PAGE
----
For securing the plastic contact housing 262 to the metallic frame plate 169, the former is provided with an elongated lug 283, FIG. 5B, that is arranged to extend laterally through a slot 284 in an upstruck lug 285 from the metallic frame plate 169. As shown in FIG. 3, the other end of plastic contact housing 262 is an elongated slot 286 molded therein for receiving a lug 287 which is struck from the metallic frame plate 169.
In operation, when the start time-stop time timing is not functioning, hour hand 17, start time hand 143, and stop time hand are in running synchronization and indicate the same time of day on their respective time markings 16, 142 and 146. In this condition, which is illustrated in FIGS. 14, 17 and 21 the bridging contact members 267 and 268 are biased out of engagement, respectively, with the pairs of stationary contacts 265 and 266 by springs 271 and into engagement with pairs of contacts 263 and 264.
The operation of the automatic cooking timing function comprises the following events in the order recited:
l. Start time is manually set.
2. Stop time is manually set.
3. The timer is driven by motor 43 until the start time function begins according to the time set in event 1 above. The beginning of start time is characterized by the contacting of bridging contacting members 267 and 268 with stationary contacts 265 and 266. This action can turn an oven (not shown) on.
4. The timer continues to be driven by motor 43 until the stop time function occurs according to the time set in event 2 above. Stop time is characterized by the disconnection of bridging contacting members 267 and 268 with stationary contacts 265 and 266. This action can turn an oven (not shown) off. These events are explained in more detail in the paragraphs that follow.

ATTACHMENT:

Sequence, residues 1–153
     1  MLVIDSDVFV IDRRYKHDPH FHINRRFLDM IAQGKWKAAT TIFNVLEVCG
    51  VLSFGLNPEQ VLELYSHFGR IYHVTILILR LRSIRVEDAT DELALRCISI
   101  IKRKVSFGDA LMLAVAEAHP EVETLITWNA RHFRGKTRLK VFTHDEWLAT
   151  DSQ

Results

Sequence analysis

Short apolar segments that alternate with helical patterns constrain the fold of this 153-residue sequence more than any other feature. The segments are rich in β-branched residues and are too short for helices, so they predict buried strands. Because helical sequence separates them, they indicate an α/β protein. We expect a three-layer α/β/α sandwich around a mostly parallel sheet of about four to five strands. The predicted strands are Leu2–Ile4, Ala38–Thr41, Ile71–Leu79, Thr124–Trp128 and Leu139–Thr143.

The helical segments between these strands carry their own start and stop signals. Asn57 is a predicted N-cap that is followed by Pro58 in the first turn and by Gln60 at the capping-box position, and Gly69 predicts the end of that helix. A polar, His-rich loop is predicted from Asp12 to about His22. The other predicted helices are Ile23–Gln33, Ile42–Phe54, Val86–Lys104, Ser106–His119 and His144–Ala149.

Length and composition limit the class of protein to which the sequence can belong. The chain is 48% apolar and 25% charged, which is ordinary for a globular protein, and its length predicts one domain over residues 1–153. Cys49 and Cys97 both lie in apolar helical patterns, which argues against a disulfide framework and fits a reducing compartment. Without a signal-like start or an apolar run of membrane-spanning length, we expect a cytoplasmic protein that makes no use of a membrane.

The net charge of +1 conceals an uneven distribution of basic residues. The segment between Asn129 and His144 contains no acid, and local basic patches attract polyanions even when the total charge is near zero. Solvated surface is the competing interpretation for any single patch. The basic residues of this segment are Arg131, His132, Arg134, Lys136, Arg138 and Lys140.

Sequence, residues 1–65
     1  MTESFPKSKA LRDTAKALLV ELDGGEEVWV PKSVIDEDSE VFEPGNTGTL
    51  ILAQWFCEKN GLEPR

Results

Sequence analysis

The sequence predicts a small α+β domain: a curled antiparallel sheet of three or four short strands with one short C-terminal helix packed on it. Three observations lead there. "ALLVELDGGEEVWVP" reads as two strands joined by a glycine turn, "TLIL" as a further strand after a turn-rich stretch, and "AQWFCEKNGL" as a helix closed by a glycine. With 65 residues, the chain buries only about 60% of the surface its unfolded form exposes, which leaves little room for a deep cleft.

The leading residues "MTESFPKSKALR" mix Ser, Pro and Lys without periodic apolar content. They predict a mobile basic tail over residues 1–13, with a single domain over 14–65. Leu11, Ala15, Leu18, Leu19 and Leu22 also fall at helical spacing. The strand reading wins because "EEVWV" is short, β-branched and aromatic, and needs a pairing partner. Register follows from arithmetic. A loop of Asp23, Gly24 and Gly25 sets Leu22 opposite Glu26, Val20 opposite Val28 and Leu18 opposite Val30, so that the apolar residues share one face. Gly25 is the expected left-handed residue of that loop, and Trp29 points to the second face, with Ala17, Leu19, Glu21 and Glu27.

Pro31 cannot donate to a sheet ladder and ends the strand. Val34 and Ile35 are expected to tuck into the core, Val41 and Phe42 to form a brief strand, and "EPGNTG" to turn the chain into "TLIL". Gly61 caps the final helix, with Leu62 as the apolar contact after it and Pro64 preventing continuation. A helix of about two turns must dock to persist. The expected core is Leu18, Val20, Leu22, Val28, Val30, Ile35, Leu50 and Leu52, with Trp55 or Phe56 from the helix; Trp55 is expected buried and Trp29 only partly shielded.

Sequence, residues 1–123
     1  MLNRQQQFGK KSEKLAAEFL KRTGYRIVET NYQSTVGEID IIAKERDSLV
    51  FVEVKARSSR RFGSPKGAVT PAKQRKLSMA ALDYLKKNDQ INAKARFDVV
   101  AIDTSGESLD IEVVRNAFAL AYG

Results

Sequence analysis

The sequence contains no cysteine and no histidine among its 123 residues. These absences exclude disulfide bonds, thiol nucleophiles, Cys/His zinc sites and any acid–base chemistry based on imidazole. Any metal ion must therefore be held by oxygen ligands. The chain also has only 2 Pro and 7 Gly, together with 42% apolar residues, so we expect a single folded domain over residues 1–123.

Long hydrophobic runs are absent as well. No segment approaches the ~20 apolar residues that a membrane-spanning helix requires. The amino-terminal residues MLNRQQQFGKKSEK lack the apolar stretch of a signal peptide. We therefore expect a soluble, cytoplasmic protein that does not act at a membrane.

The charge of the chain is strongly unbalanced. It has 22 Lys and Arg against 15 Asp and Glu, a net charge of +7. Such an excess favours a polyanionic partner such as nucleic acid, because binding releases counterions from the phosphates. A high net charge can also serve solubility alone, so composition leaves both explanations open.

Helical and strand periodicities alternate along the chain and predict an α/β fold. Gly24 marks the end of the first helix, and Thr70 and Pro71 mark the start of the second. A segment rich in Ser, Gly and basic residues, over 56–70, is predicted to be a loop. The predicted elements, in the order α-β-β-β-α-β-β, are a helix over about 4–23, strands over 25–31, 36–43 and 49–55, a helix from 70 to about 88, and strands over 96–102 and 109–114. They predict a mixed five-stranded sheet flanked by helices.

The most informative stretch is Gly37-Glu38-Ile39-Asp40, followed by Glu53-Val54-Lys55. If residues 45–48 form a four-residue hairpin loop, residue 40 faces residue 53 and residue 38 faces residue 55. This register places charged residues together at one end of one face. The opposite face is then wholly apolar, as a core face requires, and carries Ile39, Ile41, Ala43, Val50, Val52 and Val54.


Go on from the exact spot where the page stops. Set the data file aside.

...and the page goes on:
The start time is set by indexing start time shaft 144 inwardly by manually depressing knob 145, and rotating it either clockwise or counterclockwise until start time hand 143 points to the desired time on start time markings 142. The inward indexing causes lug 159 on gear 158 to come out of engagement with slot 160 in gear 161, so that the driving connection provided by lug 159 to gear 161 is interrupted. Spring 165 holds gear 161 against the distal end of lug 159. Note that plates 232 and 235 are in no way moved by the indexing an rotation of shaft 144, so that bridging contact members 267 and 268 are still out of engagement with pairs of stationary contacts 265 and 266, respectively. It should be understood that only a single bridging contact 267 and a single pair of stationary contacts 265 can also be employed for controlling the completion of a single circuit.